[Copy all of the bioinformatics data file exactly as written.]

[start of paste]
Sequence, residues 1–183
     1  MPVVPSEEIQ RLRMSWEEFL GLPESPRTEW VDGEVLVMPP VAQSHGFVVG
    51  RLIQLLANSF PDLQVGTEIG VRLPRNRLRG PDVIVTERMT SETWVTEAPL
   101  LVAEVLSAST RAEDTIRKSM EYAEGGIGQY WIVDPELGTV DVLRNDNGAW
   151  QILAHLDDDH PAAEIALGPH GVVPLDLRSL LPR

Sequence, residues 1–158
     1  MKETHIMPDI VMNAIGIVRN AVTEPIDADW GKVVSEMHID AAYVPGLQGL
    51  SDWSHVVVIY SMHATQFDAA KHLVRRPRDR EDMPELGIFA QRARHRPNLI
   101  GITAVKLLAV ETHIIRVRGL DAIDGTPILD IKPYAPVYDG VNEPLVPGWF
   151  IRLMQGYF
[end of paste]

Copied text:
Sequence, residues 1–183
     1  MPVVPSEEIQ RLRMSWEEFL GLPESPRTEW VDGEVLVMPP VAQSHGFVVG
    51  RLIQLLANSF PDLQVGTEIG VRLPRNRLRG PDVIVTERMT SETWVTEAPL
   101  LVAEVLSAST RAEDTIRKSM EYAEGGIGQY WIVDPELGTV DVLRNDNGAW
   151  QILAHLDDDH PAAEIALGPH GVVPLDLRSL LPR

Sequence, residues 1–158
     1  MKETHIMPDI VMNAIGIVRN AVTEPIDADW GKVVSEMHID AAYVPGLQGL
    51  SDWSHVVVIY SMHATQFDAA KHLVRRPRDR EDMPELGIFA QRARHRPNLI
   101  GITAVKLLAV ETHIIRVRGL DAIDGTPILD IKPYAPVYDG VNEPLVPGWF
   151  IRLMQGYF